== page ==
September 30, 2017

 

Provision for income taxes at federal statutory rate

  $ 1,566       21.0 %   $ 10,444       24.5 %   $ 11,959       35.0 %

State income taxes, net of federal tax benefit

    297       4.0       739       1.7       598       1.8  

Stock-based compensation

    90       1.2       (634 )     (1.5 )     -       -  

Valuation allowance

    24       0.3       (18 )     (0.0 )     (29 )     (0.1 )

Federal tax return true-up

    (142 )     (1.9 )     (147 )     (0.3 )     -       -  

Change in federal tax rate - Tax Cuts and Jobs Act

    -       -       (3,307 )     (7.8 )     -       -  

Qualified production activities deduction

    -       -       (832 )     (2.0 )     (768 )     (2.2 )

Other, net

    22       0.3       119       0.3       (140 )     (0.5 )

Provision for income taxes

  $ 1,857       24.9 %   $ 6,364       14.9 %   $ 11,620       34.0 %

 

The components of deferred tax assets and liabilities are as follows:

 

   

September 28,

   

September 29,

 

(In thousands)

 

2019

   

2018

 

Deferred tax assets:

               

Defined benefit plans

  $ 2,661     $ 2,302  

Stock-based compensation

    1,259       1,120  

Accrued expenses and asset reserves

    1,207       1,939  

Federal net operating loss carryforward

    363       -  

State net operating loss carryforwards and tax credits

    120       233  

Valuation allowance

    (257 )     (233 )

Deferred tax assets

    5,353       5,361  
                 

Deferred tax liabilities:

               

Plant and equipment

    (10,625 )     (9,490 )

Prepaid insurance

    (1,311 )     (1,041 )

Goodwill

    (317 )     (170 )

Deferred tax liabilities

    (12,253 )     (10,701 )

Net deferred tax liability

  $ (6,900 )   $ (5,340 )

 

On December 22, 2017, the Tax Cuts and Jobs Act (the “Act”) was enacted, which, among other changes, reduced the federal statutory corporate tax rate from 35% to 21% effective January 1, 2018. Since our fiscal year ends on the Saturday closest to September 30 rather than the calendar year, we are subject to IRS rules relating to transitional income tax rates. Based on these rules, our federal statutory rate was 24.5% for fiscal 2018 and is 21% for fiscal 2019 and beyond. We remeasured our deferred tax assets and liabilities and adjusted our estimated annual federal income tax rate to incorporate the lower corporate tax rate provided for under the Act in our first quarter tax provision for fiscal 2018, which resulted in a $3.3 million reduction in income tax expense for 2018.

 

As of September 28, 2019 and September 29, 2018, we recorded deferred tax liabilities (net of valuation allowances) of $6.9 million and $5.3 million, respectively, in other liabilities on our consolidated balance sheet. We have $1.7 million of federal net operating loss carryforwards (“NOLs”) and $2.2 million of state NOLs that begin to expire in 2022, but principally expire between 2022 and 2034. We have also recorded deferred tax assets of $8,000 for state tax credits that expire in 2020.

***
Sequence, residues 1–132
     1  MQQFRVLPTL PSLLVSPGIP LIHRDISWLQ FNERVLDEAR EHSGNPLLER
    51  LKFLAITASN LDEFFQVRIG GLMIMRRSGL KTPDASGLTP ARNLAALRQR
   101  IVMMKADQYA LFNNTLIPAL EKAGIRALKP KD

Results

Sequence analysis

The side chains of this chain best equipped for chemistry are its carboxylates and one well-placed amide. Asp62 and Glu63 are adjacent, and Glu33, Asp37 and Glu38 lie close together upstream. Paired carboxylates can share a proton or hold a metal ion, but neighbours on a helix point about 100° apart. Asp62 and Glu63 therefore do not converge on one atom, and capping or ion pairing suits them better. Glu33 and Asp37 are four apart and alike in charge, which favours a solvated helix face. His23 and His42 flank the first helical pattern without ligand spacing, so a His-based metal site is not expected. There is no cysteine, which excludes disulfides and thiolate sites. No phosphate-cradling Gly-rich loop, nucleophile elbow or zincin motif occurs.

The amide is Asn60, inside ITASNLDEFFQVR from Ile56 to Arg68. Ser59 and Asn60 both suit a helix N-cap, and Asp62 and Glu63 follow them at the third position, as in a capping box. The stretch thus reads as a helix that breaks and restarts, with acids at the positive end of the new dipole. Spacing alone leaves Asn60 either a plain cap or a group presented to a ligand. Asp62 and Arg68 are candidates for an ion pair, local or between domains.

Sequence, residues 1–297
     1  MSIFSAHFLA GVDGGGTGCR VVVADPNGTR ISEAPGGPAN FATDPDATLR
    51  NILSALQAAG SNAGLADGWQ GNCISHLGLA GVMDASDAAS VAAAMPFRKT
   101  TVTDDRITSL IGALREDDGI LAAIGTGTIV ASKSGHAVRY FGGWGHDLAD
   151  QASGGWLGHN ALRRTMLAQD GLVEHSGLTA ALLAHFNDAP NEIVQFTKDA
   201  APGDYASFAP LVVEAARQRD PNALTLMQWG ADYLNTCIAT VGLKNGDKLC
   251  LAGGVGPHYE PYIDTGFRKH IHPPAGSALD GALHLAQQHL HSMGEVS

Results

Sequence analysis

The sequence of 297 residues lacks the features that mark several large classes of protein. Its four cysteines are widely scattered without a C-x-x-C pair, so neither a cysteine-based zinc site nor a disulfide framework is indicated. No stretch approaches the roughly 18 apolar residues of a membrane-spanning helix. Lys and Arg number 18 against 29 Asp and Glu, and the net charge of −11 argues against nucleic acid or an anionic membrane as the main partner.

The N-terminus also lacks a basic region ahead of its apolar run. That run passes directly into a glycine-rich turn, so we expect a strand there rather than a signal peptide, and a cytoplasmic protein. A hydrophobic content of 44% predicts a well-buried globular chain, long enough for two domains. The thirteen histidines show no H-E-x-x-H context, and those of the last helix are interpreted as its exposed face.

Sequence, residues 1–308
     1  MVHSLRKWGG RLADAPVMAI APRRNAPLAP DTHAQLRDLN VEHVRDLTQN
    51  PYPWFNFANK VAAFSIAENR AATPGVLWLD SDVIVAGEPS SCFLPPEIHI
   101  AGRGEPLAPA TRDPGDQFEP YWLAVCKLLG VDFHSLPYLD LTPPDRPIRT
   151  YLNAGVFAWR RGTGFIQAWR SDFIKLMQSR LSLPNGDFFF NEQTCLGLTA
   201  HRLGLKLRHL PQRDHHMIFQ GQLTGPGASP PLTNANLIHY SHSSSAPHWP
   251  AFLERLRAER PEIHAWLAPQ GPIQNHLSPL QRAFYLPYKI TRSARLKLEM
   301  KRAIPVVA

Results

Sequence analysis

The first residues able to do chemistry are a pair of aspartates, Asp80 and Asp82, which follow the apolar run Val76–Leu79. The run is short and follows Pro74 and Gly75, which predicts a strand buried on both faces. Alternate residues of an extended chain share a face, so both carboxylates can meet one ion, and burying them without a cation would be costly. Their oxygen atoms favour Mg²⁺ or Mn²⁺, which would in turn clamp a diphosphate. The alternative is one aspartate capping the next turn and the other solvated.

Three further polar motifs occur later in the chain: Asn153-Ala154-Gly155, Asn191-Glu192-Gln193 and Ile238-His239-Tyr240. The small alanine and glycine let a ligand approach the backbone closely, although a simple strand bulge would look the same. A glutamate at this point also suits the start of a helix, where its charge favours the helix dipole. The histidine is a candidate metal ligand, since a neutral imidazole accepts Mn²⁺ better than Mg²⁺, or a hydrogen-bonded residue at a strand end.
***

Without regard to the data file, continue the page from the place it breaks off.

The realization of our deferred tax assets is entirely dependent upon our ability to generate future taxable income in applicable jurisdictions. GAAP requires that we periodically assess the need to establish a reserve against our deferred tax assets to the extent we no longer believe it is more likely than not that they will be fully realized. As of September 28, 2019, we recorded a valuation allowance of $257,000 pertaining to various state NOLs and tax credits that were not expected to be utilized. The valuation allowance is subject to periodic review and adjustment based on changes in facts and circumstances and would be reduced should we utilize the state NOLs and tax credits against which an allowance had previously been provided or determine that such utilization was more likely than not. The $24,000 increase in the valuation allowance during 2019 is primarily due to state NOLs for which a tax benefit is not expected to be realized partially offset by the expiration of state tax credits for which an allowance had been previously recorded.

 

As of September 28, 2019, we had no material, known tax exposures that required the establishment of contingency reserves for uncertain tax positions.

 

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We classify interest and penalties related to unrecognized tax benefits as part of income tax expense. There were no interest and penalties related to unrecognized tax benefits incurred during 2019, 2018 and 2017.    

 

We file U.S. federal income tax returns as well as state and local income tax returns in various jurisdictions. Federal and various state tax returns filed subsequent to 2014 remain subject to examination.

 

 

(11) Employee Benefit Plans

 

Supplemental employee retirement plan. We have Retirement Security Agreements (each, a “SERP”) with certain of our employees (each, a “Participant”). Under the SERPs, if the Participant remains in continuous service with us for a period of at least 30 years, we will pay the Participant a supplemental retirement benefit for the 15-year period following the Participant’s retirement equal to 50% of the Participant’s highest average annual base salary for five consecutive years in the 10-year period preceding the Participant’s retirement. If the Participant retires prior to the later of age 65 or the completion of 30 years of continuous service with us, but has completed at least 10 years of continuous service, the amount of the Participant’s supplemental retirement benefit will be reduced by 1/360th for each month short of 30 years that the Participant was employed by us.

 

The reconciliation of the projected benefit obligation, plan assets, funded status and amounts recognized for the SERPs in our consolidated balance sheets is as follows:

 

   

Year Ended

 
   

September 28,

   

September 29,

   

September 30,

 

(In thousands)

 

2019

   

2018

   

2017

 

Change in benefit obligation:

                       

Benefit obligation at beginning of year

  $ 9,749     $